I’ve written before about my work volunteering with the “Le Mura” organization in a previous entry. Here’s a brief summary of what we do for those who don’t feel like reading a whole entry from months ago:
- Siena’s medieval walls are falling apart. We attempt to stave off the inevitable march of time by clearing away the ivy and other plants that threaten to end the wall’s 700-year run of existence.
- There are areas near and adjacent to the walls that are totally abandoned. We don’t think that this is cool. We do our best to clean them up and come up with creative and useful ways to use these spaces.
Point two there is the focal point for this entry. There are 5 huge green areas within medieval city center of Siena (so, on the inside of the walls). These were extremely important during medieval times. The city needed farmland on the inside of the city in case one of their many enemies set siege to the city. Siege is an approach to warfare where invading armies would surround the city they wished to conquer and wait, sometimes for months, until everyone on the inside had either starved to death, or was close enough to starvation that they surrendered. Medieval times were not friendly times.
Back to the present. The city of Siena deserves compliments where they are due and it is certainly laudable that these green areas have remained pristine oases for centuries. Today, more than half of the total green space is used for parks, by community organizations, and for gardens. However there are still significant amounts of space that are unused and in the worst cases, abandoned.
It was in one of the abandoned spaces more than a year ago where we were clearing out a path to reach the walls when I noticed hops plants poking up through the undergrowth. As a super-amateur homebrewer of medium (and occasionally high) quality beer, I recognized the plant as identical to the plants that I had planted in my own garden a few years prior. The more I looked, the more that I saw! There is an entire valley inside to Siena’s walls that is teeming with wild hops.
Most wild hops in Tuscany taste like garlic. Even the most pretentious of hipsters would admit that while garlic, though original, it is not a desired taste in a beer. I suggested to other members of our organization that we ask permission from the city to plant a few “tasty” hops plants, to see if they’d grow (the abandoned area we were working on is owned by the city). We asked. Permission was granted. It’s unclear whether they actually understood what we were asking, but they gave us the green light as long at didn’t not put any permanent structures in place.
For those of you who don’t know about hops, they are flowers that grow on vines. The vines grow straight up and can climb any rope, stick, or other plant that they can find all the way up to 5 meters. The ideal height for hops is around 4 to 5 meters. Hops are a natural preservative. They won out through the years as the tastiest preservative for beer, over things like juniper berries, rosemary and loads of other natural preservatives. There are hundreds of varieties of hops and each of them can add their own, unique flavor to beer. These flavors can range from citrus, to piney, to spicy, and much more. Depending on how they are used in the brewing process, they can add either bitter or aromatic flavors and sometimes both.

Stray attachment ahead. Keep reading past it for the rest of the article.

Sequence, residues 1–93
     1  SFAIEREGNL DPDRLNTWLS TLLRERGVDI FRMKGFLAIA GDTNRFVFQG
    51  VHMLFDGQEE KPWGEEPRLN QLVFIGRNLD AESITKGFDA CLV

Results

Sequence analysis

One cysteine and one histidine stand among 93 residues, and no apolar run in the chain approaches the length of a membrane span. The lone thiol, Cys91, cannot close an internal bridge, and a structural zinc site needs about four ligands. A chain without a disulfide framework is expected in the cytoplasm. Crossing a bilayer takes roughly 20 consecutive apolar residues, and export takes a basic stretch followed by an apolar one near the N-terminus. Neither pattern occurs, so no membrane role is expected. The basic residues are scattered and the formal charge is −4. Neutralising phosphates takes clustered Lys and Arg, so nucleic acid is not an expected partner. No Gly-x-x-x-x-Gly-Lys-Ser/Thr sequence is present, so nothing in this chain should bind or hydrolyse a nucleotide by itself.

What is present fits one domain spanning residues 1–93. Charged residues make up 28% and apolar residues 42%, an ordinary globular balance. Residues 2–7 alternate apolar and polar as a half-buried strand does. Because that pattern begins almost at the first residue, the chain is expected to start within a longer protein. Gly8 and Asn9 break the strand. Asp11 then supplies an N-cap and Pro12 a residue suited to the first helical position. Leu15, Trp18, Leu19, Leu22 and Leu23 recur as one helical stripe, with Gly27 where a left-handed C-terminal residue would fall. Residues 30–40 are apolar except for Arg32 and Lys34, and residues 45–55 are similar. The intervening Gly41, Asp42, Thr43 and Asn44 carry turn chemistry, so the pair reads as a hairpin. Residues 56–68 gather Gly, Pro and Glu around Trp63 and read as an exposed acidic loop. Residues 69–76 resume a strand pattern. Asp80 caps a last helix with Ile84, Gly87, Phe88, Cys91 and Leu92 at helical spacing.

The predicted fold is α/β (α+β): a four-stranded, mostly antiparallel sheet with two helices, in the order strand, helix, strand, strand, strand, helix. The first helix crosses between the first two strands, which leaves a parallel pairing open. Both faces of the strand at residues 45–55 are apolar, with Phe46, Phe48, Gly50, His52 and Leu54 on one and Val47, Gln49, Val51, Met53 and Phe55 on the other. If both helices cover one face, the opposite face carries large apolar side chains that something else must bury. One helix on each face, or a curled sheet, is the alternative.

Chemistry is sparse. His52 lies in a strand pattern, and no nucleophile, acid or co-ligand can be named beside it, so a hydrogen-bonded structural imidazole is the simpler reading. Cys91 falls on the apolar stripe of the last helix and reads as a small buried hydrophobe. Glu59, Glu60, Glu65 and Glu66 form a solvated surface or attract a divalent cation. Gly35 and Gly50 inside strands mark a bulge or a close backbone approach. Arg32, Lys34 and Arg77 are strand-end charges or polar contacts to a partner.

We needed poles. As luck would have it someone, whose identity is forever lost in time, planted a bunch of bamboo in the same valley where we found the wild hops. Today there is a full-on bamboo forest that boasts stalks rising up to 7 and 8 meters. Again, with permission from the city we cut down 6 bamboo shoots that would serve as poles from which to hang a string for the hops to climb.
We got our hands on some non-garlic-tasting hops thanks to an acquaintance that I’d made in the local homebrewing community in the region. He grows hops on the nearby Mount Amiata, and was more than willing to give me some rhyzomes (a fancy word for roots).
We planted them. They grew. Then we had hops! We harvested just under one kg of hops. We are well aware that hops plants in their first year don’t produce to their full capacity and that the flowers don’t reach their full potency. Nonetheless, a local craft brewery was willing to take a chance and dumped our hops into a one-time-batch of beer. Our contribution of hops this year was more symbolic than anything as professional breweries use much more than 1 kg of hops per batch. The “La Diana” brewery produces roughly 500 liters of beer per batch and can use up to 20 kg of hops per batch. Our goal as a volunteer organization was never to become hops farmers, but rather to find creative ways to reutilize abandoned space. I’m pretty proud of what we accomplished with this little project and I learned a lot about hops, brewing, and working with local government. It’s possible that it could turn into something more productive. We’ll see!
Soon in mid-September, the beer containing our homegrown hops will be officially sold and a portion of the money earned will be donated to our organization. I can’t wait to taste the fruits of more than a year’s labor!
Here are some pictures start to finish of the project. The medieval wall can be seen in many of the pictures: